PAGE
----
UpSet plots present this information in a grid, where connected dots in a row reveal which groups share members. Vertical bars indicate the number of members in these overlaps. By observing where dots line up and the height of the bars, you can understand how and by how much groups intersect.
In the following sections, we create UpSet plots to understand stablecoin ownership trends. In each step, we further refine the analysis by removing certain account types, helping us to better examine different user behaviors and preferences.
As a first pass, we start with all accounts that hold a non-zero balance. As mentioned earlier, there are just around 6.7M unique accounts that hold some amount of the 5 stablecoins we’ve included.
The chart above shows that overlap is actually fairly uncommon (note we’ve only included the top 20 subsets, combinatorially there are 31 total1). For example, out of the 6.1M unique accounts holding some amount of USDC or Tether, there are only about 150K that hold some of both (~2%). This is perhaps not too surprising given past research: we’ve shown that USDC and Tether tend to be used at different times of the day with USDC being used during North American business hours, and Tether being used primarily during European and Asian market hours. It might equally be a matter of convenience whereby a user would opt for a single stablecoin over many. A remarkably small number of addresses (348) hold some of all 5 stablecoins (not shown in the graph).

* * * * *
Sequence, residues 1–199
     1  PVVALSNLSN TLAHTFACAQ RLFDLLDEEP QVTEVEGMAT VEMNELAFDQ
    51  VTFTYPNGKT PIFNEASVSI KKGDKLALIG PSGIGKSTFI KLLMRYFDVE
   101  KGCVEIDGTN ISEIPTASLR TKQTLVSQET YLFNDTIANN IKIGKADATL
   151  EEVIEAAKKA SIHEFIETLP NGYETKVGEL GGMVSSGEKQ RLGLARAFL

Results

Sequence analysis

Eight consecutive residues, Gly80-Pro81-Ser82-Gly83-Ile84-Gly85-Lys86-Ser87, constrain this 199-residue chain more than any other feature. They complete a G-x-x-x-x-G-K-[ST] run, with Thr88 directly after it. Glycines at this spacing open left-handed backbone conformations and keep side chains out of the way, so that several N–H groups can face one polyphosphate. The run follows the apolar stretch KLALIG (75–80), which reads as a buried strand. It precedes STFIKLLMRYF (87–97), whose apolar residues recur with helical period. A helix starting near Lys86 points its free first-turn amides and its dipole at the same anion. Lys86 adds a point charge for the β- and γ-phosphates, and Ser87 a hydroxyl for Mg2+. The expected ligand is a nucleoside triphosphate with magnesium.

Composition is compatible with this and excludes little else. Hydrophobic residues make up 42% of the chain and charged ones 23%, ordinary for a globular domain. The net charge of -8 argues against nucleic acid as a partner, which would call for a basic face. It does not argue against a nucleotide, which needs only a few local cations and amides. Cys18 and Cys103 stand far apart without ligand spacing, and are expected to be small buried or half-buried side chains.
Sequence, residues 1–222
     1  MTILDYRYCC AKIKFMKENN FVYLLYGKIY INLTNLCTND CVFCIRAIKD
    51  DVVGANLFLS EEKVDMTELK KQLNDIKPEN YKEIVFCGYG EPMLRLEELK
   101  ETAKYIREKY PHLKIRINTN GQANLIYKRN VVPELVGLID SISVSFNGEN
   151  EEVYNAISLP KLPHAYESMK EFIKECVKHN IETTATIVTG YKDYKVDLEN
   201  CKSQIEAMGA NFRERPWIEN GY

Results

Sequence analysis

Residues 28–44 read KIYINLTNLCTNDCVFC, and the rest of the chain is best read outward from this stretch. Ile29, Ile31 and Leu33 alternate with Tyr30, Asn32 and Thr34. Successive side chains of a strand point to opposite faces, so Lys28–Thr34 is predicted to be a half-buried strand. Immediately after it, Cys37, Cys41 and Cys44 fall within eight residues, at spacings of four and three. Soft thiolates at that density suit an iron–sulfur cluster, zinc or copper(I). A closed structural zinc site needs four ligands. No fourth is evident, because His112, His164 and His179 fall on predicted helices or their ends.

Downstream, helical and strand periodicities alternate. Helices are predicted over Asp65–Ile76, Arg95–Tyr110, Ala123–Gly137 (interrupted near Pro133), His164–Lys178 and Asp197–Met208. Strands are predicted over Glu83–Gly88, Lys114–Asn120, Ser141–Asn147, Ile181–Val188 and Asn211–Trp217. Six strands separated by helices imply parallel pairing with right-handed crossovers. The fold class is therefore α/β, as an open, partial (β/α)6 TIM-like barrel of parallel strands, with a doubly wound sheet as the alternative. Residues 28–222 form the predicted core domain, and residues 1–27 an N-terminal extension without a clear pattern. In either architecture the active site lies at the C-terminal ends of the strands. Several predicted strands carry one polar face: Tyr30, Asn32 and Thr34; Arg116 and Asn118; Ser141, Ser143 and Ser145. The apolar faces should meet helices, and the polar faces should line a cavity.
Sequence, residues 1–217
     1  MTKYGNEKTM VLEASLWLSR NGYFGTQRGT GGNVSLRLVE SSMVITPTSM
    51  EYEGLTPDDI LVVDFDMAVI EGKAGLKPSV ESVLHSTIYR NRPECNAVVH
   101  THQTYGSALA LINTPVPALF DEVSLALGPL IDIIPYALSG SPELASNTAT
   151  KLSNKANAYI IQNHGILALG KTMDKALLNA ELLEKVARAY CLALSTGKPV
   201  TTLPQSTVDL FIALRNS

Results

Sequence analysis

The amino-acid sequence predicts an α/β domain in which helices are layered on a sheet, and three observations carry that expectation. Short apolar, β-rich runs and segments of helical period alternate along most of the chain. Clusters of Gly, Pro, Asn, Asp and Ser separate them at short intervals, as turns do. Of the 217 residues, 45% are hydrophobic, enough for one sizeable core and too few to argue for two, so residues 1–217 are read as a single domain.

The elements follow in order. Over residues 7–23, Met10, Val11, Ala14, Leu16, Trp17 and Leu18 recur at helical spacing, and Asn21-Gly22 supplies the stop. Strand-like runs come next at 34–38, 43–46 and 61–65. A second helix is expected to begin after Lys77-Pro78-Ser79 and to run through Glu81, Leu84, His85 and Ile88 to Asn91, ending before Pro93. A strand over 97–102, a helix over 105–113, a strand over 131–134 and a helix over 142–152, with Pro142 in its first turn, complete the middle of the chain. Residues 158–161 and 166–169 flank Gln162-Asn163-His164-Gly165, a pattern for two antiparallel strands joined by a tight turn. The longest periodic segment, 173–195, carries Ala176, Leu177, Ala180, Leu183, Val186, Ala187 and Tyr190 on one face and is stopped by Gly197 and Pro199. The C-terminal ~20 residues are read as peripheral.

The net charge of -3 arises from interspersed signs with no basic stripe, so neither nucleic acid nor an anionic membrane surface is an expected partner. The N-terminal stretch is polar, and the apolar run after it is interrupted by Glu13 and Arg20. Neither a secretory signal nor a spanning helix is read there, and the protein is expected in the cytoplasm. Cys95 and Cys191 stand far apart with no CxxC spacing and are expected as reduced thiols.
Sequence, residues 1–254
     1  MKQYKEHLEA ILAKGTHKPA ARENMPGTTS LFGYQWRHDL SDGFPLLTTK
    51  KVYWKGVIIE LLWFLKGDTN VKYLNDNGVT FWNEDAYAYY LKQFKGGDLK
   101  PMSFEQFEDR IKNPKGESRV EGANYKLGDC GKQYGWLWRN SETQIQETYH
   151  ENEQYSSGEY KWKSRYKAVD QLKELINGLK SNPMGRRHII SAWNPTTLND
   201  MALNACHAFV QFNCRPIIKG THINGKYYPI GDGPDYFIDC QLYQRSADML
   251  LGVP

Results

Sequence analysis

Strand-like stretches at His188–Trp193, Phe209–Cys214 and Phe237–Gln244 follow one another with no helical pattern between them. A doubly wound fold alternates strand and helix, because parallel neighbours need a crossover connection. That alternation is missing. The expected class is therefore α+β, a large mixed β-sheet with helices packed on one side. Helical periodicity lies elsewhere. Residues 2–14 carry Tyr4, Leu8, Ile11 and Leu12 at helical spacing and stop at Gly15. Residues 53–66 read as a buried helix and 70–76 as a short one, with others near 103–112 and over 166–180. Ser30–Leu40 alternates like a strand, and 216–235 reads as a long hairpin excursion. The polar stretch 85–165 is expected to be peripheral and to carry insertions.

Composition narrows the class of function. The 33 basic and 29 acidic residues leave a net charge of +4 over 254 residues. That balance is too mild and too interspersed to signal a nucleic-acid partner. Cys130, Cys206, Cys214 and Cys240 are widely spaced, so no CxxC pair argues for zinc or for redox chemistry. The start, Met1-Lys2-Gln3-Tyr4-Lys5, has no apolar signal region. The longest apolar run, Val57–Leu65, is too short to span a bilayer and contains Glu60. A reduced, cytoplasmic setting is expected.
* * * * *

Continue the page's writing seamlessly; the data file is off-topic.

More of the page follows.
But this is just a first look—for a more accurate view we should hone in on account types that best reflect human users.
Removing dust accounts, smart contracts, & exchanges
A common problem faced in on-chain analysis is dealing with dust addresses. Dust addresses hold very small amounts of a token (less than or equal to $10) such that after transaction fees, it is usually not even worth moving. There are many such small stablecoin addresses on Ethereum. A total of 45% of addresses (~2M addresses) holding some amount of Tether on Ethereum hold less than $10. Similarly, this figure is about 50% for USDC. The chart above corrects for this by excluding all accounts holding less than $10 in value (e.g. if an account holds $1,000 of Tether and $2 of USDC, it is counted as holding just Tether).
Then, we use an early version of Coin Metrics’ address tagging data to exclude smart contracts (to exclude things like DeFi protocols) and exchange addresses, to focus on just singular users. Of course, it is important to note that one address still may not necessarily represent one human being (and often users have multiple addresses), but these adjustments get us closer.
Here, we see that holding multiple stablecoins is still fairly uncommon. Only 69K addresses hold both USDC and Tether, out of the adjusted 3.2M unique externally-owned, non-exchange accounts holding greater than 10 dollars of either USDC or Tether (about 2% still).